A Timeline of Computing

compiled by piero scaruffi
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Book: A History of Silicon Valley

(Copyright © 2012 Piero Scaruffi)

(See also the Timeline of Artificial Intelligence and the Timeline of Cyberculture and Hacker Culture and, for pictures of the machines, the Visual History of Computing)


1859: Charles Babbage designs a "Difference Engine"
1885: William Burroughs develops an adding machine
1890: Hermann Hollerith's tabulator is chosen for the national census
1906: Lee DeForest invents the vacuum tube
1911: Hollerith's Tabulating Machine Company is acquired by a new company that will change name to International Bussiness Machines or IBM in 1924
1925: Burroughs introduces a portable adding machine
1925: AT&T and Western Electric form the Bell Labs in New York
1927: Fritz Pfleumer in Germany invents the magnetic tape
1931: Vannevar Bush's Differential Analyzer: an analog computer to solve differential equations for engineering and physics problems (eg power transmission)


1933: Vladimir Kotelnikov discovers the "Nyquist-Shannon" sampling theorem
1935: Germany's AEG introduces the first tape recorder
1936: Alan Turing describes a machine capable of performing logical reasoning, the "Universal Turing Machine"


1936: RCA introduces the 6L6, the most successful vacuum tube ever
1937: Claude Shannon's thesis: the application of Boolean algebra to electronic circuits (the switching circuits of telephone exchanges can express Boolean algebra)
1938: John Atanasoff at Iowa State College conceives the electronic digital computer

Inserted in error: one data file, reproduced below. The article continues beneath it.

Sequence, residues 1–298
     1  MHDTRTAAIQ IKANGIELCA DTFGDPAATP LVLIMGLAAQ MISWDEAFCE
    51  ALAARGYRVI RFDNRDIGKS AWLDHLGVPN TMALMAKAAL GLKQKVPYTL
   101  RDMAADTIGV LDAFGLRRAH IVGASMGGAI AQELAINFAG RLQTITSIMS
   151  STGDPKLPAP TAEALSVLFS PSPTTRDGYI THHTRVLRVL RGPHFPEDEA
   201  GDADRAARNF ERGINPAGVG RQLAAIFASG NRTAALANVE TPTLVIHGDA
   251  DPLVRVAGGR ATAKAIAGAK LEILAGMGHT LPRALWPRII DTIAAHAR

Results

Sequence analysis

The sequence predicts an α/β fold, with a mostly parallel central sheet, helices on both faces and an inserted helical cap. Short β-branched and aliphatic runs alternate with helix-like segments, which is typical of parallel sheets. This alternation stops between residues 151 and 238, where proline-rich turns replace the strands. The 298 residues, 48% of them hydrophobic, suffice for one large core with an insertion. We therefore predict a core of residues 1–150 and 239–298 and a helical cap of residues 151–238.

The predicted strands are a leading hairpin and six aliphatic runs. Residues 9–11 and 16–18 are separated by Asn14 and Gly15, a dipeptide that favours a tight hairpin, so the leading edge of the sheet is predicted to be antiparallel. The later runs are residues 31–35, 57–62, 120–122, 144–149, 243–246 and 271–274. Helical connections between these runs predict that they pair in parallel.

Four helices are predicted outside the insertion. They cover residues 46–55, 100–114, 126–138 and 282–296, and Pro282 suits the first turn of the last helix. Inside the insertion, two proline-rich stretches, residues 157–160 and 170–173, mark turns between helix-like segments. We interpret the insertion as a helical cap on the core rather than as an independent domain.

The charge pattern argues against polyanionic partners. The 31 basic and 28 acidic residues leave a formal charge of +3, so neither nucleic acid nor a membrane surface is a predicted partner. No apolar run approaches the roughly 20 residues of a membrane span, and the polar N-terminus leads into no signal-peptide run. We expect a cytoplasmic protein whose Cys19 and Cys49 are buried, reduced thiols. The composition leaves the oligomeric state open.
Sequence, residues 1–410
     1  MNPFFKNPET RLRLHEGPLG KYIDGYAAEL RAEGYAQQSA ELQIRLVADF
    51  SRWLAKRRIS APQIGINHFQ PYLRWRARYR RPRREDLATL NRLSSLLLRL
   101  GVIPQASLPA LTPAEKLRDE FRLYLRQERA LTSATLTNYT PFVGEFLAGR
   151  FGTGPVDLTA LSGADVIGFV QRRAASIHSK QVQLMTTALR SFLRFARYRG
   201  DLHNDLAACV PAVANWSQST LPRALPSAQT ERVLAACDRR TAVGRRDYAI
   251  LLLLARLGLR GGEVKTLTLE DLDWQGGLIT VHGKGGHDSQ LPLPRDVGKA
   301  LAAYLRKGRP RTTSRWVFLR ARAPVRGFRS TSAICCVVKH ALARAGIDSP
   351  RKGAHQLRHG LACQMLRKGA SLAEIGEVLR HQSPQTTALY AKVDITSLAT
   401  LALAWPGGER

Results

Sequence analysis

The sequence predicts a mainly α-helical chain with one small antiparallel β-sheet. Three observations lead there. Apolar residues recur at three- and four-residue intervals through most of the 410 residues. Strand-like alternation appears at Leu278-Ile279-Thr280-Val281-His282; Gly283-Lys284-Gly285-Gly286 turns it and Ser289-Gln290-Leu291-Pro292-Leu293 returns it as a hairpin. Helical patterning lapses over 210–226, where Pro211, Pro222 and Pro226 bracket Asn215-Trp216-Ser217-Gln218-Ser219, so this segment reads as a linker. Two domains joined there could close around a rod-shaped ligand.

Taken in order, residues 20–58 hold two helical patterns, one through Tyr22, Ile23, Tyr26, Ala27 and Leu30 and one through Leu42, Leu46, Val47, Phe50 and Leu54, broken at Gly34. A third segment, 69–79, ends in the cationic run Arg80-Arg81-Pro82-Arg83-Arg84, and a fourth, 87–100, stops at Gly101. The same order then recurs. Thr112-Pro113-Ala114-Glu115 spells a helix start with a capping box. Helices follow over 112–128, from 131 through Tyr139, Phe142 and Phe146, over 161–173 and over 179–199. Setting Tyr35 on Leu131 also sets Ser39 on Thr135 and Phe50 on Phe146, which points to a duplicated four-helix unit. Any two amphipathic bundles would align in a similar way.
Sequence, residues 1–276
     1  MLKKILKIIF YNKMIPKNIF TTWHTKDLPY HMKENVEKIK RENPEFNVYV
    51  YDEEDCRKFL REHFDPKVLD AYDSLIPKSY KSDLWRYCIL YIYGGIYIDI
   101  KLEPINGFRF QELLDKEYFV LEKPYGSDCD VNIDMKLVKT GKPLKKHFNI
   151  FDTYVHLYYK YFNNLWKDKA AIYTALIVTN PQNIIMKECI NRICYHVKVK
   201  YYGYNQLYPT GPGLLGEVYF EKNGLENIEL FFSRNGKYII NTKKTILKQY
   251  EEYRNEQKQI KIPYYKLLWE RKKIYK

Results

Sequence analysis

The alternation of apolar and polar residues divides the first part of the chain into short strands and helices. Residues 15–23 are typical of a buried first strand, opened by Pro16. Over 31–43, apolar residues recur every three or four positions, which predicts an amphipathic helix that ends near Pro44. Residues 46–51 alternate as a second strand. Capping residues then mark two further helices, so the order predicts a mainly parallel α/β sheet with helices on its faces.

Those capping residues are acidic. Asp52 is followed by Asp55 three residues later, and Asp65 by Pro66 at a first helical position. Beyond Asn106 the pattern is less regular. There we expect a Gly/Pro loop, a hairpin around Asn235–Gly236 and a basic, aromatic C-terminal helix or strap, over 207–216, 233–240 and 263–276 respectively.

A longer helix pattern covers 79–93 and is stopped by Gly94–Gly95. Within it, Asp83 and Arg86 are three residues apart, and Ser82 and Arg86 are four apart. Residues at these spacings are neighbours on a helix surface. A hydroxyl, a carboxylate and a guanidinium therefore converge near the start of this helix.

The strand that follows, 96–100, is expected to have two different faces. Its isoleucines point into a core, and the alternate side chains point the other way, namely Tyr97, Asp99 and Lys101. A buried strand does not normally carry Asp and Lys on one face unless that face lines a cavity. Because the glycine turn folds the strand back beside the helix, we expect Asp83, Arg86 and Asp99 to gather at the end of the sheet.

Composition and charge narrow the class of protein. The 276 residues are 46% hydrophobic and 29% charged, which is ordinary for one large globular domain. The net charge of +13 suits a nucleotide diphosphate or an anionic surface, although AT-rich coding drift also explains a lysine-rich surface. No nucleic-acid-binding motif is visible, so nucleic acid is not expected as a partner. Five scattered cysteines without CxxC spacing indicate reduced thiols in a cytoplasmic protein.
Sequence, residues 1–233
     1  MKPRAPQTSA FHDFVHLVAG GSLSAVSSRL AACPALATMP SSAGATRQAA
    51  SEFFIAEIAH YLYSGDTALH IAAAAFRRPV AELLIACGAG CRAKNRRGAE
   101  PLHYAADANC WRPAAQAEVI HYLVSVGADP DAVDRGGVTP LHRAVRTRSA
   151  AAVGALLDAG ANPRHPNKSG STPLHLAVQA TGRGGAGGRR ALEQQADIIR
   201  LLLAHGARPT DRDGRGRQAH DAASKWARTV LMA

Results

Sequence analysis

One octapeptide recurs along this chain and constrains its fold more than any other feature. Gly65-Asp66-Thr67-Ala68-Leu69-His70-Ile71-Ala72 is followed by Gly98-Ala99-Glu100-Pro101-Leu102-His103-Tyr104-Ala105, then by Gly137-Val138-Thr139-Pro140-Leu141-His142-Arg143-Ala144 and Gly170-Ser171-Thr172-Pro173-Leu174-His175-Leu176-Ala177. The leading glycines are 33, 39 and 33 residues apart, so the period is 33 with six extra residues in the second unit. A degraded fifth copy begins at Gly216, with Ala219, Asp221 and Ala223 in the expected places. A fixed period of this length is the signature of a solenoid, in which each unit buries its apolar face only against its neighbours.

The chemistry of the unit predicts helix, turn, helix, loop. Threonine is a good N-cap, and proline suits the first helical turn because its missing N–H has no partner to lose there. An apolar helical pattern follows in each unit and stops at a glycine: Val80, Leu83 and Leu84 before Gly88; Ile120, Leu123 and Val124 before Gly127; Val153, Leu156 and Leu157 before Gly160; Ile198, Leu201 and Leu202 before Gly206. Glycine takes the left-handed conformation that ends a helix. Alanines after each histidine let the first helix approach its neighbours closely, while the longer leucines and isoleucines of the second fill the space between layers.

1939: Fred Terman's students William Hewlett and David Packard start a company to produce their audio-oscillator, the first startup in "Silicon Valley"
1941: Konrad Zuse's Z3 programmable electromechanical computer, the first Turing-complete machine


1942: Vannevar Bush's Rockefeller Differential Analyzer to calculate ballistic tables during World War II (a 100-ton machine with 2000 vacuum tubes)


1943: Tommy Flowers and others build the Colossus, the world's first digital electronic computer, but not general purpose


1944: Howard Aiken of IBM unveils the first computer programmed by punched paper tape, the electromechanical Harvard Mark I


1945: Vannevar Bush proposes the "Memex" desk-based hypermedia machine


(Life Magazine, 19 November 1945)
1945: John Von Neumann designs a computer that holds its own instructions, the "stored-program architecture" (EDVAC specifications)


1945: IBM establishes the (later Watson Research Center) Watson Scientific Computing Laboratory at Columbia University in New York
1946: The first non-military computer, ENIAC, or "Electronic Numerical Integrator and Computer", is unveiled, built by John Mauchly and Presper Eckert at the University of Pennsylvania, general-purpose, all-electronic, but not digital

Jean Jennings, Marlyn Wescoff and Ruth Lichterman program the ENIAC at the University of Pennsylvania:

Same three programmers in the same order:

Two programmers, Esther Gerston and Gloria Ruth Gordon, entering a program in the ENIAC:

Article about the "electronic brain":


1947: AT&T Bell Telephone Laboratory's engineers John Bardeen, William Shockley and Walter Brattain demonstrate the principle of amplifying an electrical current using a solid semiconducting material, i.e. the "transistor"
1947: Norbert Wiener founds Cybernetics
1947: John Von Neumann describes self-reproducing automata
1947: Ampex introduces a magnetic tape recorder
1947: Frederick Williams at the University in Manchester develops a tube for Random Access Memory (RAM)


1948: The Varian brothers found Varian Associates
1948: Claude Shannon founds Information Theory ("The Mathematical Theory of Communication") and coins the term "bit"
Apr 1949: The Manchester "Baby" (Small Scale Experimental Machine), the first stored-program electronic computer


May 1949: Cambridge's EDSAC, the second stored-program electronic computer
Aug 1949: Philadelphia's EDVAC, the third stored-program electronic computer



1950: Turing proposes a test to determine whether a machine is intelligent or not
1950: The Pilot ACE computer

Article in 1946 about Turing's "electronic brain" under development